Detecting Emotion: Prevention Is Better Than Cure

Fascinating Technology

I am not sure how much progress has been made in detecting all possible emotional states in users, but detecting anger can be relatively easy.   When people become frustrated (read, "angry"), they often evince some stereotypical verbal behaviors.  Angry speakers are likely to exhibit changes in the volume, pitch and pace of their speech.   Changes in the length and the latency of their utterances are also likely.

Tell-tale Signs

Volume and pitch are probably the most predictable variables.   Research (well corroborated by the common sense experience of "raised voices") has shown that the volume or loudness of speech increases significantly in both males and females when they become angered.  Pitch typically increases, particularly in females, as well.   These changes are not difficult to detect with software and using these two variables alone can provide a very high accuracy rate in detecting anger in a user's voice.

The other speech variables can provide collaborative evidence of anger.  For example, a wide variation in the pace or rate of speech often accompanies anger.  This can take either extreme form.  The speaker's utterances might become extremely rapid ("to snap") or extremely slow and deliberate:

Normal:                                  I want to make a transfer.

"Snapped":                            I-said-I-want-to-make-a-transfer!

Exaggeratedly Slow:           I----said----I----want----to----make----a----trans----fer!

Similar extremes can be seen in utterance length.  The utterance can become much shorter or much longer:

Normal:                      I want to make a transfer.

Shortened:                Transfer!

Elongated:                 I've told you twice but I'll tell you again!  I want to make a transfer!  A transfer!

Finally, a dramatic drop in response latency can also signal that the user is angry.

System:                      What would you like to do?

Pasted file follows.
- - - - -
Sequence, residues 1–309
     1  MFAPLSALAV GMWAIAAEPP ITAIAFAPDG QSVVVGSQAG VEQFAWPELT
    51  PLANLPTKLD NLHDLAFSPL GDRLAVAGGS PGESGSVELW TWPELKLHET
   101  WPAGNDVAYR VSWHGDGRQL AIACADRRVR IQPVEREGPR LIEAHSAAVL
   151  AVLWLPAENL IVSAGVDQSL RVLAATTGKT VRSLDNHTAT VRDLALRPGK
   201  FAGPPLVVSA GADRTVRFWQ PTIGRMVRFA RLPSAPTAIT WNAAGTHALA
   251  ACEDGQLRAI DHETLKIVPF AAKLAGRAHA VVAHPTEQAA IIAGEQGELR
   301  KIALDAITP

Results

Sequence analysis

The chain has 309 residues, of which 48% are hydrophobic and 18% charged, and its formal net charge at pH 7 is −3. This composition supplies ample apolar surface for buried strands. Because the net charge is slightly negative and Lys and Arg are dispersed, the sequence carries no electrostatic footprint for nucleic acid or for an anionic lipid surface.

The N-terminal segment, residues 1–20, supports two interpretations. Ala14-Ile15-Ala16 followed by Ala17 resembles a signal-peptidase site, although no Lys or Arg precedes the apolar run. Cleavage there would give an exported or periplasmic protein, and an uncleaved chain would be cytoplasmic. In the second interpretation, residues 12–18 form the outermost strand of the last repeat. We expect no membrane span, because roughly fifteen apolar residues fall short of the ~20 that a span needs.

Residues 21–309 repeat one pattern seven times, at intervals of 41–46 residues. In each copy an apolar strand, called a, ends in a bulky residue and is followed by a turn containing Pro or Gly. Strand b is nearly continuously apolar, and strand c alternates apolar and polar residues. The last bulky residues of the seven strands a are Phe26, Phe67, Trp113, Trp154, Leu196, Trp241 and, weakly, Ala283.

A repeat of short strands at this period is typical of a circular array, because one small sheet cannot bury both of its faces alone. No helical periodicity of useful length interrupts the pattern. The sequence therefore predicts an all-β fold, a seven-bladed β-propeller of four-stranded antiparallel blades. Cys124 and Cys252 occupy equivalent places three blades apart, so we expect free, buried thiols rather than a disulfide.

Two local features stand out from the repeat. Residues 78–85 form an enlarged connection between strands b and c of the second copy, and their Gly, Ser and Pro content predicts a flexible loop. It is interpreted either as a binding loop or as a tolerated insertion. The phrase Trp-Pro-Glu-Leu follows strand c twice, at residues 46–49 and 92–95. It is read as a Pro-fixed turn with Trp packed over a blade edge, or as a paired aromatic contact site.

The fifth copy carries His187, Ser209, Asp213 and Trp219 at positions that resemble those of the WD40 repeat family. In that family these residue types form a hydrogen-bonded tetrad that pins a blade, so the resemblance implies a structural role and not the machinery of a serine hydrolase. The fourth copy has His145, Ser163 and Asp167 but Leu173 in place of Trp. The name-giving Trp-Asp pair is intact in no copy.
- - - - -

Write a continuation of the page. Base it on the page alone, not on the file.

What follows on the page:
User:                           I want to make a transfer.

System:                      Sorry, I didn't get that.   What would you like to do?

User:                           I want to make a transfer.

System:                      Sorry, I didn't quite get that ee… (user barges in)

User:                           I wanna make a transfer!

Note that a single utterance from an angry user might exhibit all of these characteristics at once.  If, as above, the user is annoyed by repeated recognition failures, he might simply interrupt the recognition failure prompt by "raising his voice" and shouting, "Transfer!"   So timed, this one-word response would demonstrate increased volume and pitch while concomitantly demonstrating decreased length, pace and latency.

Application Opportunities?

While accurately detecting user anger is clearly possible, the value of doing so is less clear.   To be sure, it would be nice if an application could sense the displeasure of its user and somehow attenuate it by making socially appropriate conversational gestures.   As it turns out, this is not a trivial problem.  Being able to say something sufficiently appropriate to disarm someone else's anger is a talent unpossessed by many of us humans and it is unclear to me how the ability might be simulated in machines.

In any event, the value of a "charming and disarming" application would still be questionable.  By the time the system detected its users' anger, the damage, it would seem, has already been done.  Knowing that a user is angry implies that there is something wrong with the VUI's design or function.   Wouldn't it be better to simply design systems that do not anger their users?

Anger Management

What is undeniably clear is that user anger and speech recognition do not mix.  Speech recognition accuracy varies inversely with the changes that often occur in an angry user's speech.  The angrier the user, the less likely speech recognition accuracy becomes.

To date, anger detection algorithms have been mostly employed in call center systems.   The software monitors customer-to-customer service representative conversations for signs of heated emotions.  When anger is detected, the call may be brought to the attention of a manager or otherwise elevated in importance.

Similarly deployed, the technology could be very valuable in the IVR world.  Detecting anger in the user might trigger a transfer to a "charming and disarming" CSR.   On the other hand, such a practice, in the long run, could reinforce emotional outbursts in users if the transfer functioned as a reward.

In the meantime, reacting to user anger should be less important than preventing it.

Walter Rolandi is the founder and owner of The Voice User Interface Company in Columbia, S.C. Rolandi provides consultative services in the design, development and evaluation of telephony-based voice user interfaces (VUI) and evaluates ASR, TTS and conversational technologies. He can be reached at wrolandi@wrolandi.com.

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